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Wild Side Column: Packing up for migration

Canned venison is delicious, according to columnist Dan Wilcox. Photo courtesy of Dan Wilcox

Noisy flocks of tundra and trumpeter swans have been flying over heading south as lakes and ponds up north freeze over. The swans have spent the last month or two feeding on aquatic plants fueling up for their flight south. Now there are thousands of swans, ducks and geese on the Mississippi River in Pools 8 and 9 downriver from La Crosse. There they take on more fuel for their migration, eating the tubers of water celery, Vallisneria americana.

The migrating birds pack in food before they leave their nesting areas up north and stop to feed along the way. They carry nothing with them on their flight south.

Carol and I are preparing to leave for our place in Cedar Key on the Gulf coast of Florida. By the time you read this column, we should be there. We have made trips south many times but this year we will stay until May. That entails quite a bit of packing and checking off chores to complete before we go tomorrow. This being our first year with a house in Florida, we still have quite a bit to take along. Our truck with a topper will be full.

The winter weather in Cedar Key on the Gulf coast is mild. It rarely freezes so we will leave behind most of our winter clothing. A winter storm is making its way across Iowa, Illinois and southern Wisconsin today (Sunday, Nov. 25). Hopefully, we will drive on cleared roads and into snow-free territory in southern Illinois tomorrow.

My deer hunting at home this year was enjoyable but I didn't fire a shot. I spent a number of mornings and evenings in a ladder stand watching the squirrels and passed on some fawns and yearling deer. A friend got a good-sized doe with a bow and then got a couple more deer with his gun. We processed the three deer last Friday. It only took us a little over three hours to skin, quarter, bone out and pack the deer in our shop.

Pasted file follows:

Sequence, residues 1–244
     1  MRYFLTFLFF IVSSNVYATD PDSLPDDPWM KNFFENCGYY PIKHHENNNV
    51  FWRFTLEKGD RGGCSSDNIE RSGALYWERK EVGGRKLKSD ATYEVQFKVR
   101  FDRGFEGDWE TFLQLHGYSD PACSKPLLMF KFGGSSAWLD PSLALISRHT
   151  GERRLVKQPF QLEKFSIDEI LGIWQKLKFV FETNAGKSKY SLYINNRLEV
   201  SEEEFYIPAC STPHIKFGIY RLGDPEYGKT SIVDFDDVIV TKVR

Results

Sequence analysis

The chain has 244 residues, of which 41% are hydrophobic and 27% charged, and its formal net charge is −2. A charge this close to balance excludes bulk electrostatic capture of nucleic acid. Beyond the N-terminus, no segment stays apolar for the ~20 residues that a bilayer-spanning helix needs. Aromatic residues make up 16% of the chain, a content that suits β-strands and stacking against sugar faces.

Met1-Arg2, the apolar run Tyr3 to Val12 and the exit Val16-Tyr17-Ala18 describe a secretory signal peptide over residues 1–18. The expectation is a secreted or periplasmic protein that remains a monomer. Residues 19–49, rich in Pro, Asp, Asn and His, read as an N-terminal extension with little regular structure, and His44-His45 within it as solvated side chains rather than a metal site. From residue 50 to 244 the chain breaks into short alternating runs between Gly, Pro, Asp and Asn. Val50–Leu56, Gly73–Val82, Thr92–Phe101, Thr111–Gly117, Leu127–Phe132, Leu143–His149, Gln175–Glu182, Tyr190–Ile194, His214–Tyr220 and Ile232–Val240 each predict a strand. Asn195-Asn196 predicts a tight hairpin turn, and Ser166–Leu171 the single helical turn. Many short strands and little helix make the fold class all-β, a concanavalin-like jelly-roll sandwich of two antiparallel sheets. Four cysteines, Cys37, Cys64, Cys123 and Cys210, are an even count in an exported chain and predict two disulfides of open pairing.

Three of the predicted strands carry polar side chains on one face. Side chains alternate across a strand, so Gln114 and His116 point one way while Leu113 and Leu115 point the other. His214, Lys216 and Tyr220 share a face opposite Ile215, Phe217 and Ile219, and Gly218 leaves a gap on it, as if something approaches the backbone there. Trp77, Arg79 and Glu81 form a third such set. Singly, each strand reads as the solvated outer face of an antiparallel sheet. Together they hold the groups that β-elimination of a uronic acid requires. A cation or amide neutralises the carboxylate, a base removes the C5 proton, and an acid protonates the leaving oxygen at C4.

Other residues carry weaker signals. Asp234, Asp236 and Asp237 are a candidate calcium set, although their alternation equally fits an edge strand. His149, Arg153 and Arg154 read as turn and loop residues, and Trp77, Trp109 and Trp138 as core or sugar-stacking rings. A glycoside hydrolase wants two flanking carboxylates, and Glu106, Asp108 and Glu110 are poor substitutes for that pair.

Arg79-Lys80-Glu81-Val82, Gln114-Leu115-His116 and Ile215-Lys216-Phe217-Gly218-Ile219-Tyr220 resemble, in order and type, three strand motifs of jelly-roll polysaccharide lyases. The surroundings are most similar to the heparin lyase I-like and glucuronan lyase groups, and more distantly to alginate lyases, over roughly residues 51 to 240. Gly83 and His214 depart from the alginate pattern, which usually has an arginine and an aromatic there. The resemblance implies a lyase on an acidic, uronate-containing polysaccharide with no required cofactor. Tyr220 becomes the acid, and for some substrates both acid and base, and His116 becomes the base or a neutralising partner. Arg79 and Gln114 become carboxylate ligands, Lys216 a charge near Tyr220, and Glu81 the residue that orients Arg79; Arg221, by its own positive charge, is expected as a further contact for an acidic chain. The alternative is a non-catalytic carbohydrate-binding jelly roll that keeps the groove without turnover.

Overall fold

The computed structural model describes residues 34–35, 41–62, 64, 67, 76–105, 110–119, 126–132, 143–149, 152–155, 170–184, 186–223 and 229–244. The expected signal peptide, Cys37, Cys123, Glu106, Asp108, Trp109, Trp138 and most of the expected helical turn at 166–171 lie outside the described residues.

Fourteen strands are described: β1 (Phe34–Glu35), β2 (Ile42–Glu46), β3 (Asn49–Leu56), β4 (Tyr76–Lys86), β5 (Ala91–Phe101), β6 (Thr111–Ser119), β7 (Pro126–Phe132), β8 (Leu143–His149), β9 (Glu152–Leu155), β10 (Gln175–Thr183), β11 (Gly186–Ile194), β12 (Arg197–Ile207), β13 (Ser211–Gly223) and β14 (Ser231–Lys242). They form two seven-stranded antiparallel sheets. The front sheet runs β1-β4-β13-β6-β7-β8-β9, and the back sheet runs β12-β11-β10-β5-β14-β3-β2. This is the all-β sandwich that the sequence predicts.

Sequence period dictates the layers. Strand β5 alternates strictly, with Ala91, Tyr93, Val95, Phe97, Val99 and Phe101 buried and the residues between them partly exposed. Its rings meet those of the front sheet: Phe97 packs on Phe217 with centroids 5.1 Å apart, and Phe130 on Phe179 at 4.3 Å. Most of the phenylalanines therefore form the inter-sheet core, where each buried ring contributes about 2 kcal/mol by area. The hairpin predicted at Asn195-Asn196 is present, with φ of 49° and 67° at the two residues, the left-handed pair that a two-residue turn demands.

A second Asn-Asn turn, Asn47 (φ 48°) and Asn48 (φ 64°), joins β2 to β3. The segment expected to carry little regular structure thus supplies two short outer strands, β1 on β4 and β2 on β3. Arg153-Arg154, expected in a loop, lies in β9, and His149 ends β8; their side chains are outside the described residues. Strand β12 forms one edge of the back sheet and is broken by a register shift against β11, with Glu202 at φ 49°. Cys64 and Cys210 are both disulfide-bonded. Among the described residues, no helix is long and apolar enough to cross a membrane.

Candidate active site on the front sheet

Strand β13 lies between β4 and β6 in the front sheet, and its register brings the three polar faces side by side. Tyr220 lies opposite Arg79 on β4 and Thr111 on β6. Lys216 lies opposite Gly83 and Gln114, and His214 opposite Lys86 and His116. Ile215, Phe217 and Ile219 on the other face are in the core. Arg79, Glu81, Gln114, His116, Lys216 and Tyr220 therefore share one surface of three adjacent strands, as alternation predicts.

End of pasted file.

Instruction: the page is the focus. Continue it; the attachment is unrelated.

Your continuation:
On Saturday Carol and I canned venison. Canned venison looks rather strange in the jar but it's delicious and a good way to make a quick meal. We cut up the venison into chunks, browned them quickly in hot pans with olive oil (a very messy business), and packed the meat into jars with some onion, garlic and beef broth. After a lengthy time in the canner, a double set of pint jars of canned venison was ready for us to take south.

My last pheasant hunting foray with Jack along the Trimbelle River was successful. We will bring along a frozen pheasant, canned venison, frozen apple juice from our orchards, frozen vegetables, blueberries and strawberries from our garden, maple syrup, cheese and cheese curds from Ellsworth. These will be treats for our Florida friends.

After about 22 hours of driving and two or three overnight stops (I don't like marathon driving any more), we will drive through the piney woods toward the coast, through several miles of salt marsh, over a few bridges, and get to Cedar Key. We look forward to visiting our Cedar Key resident friends and other snowbirds, the feathered kind and our friends and relatives from up north.

I'll keep writing this column from Cedar Key this winter.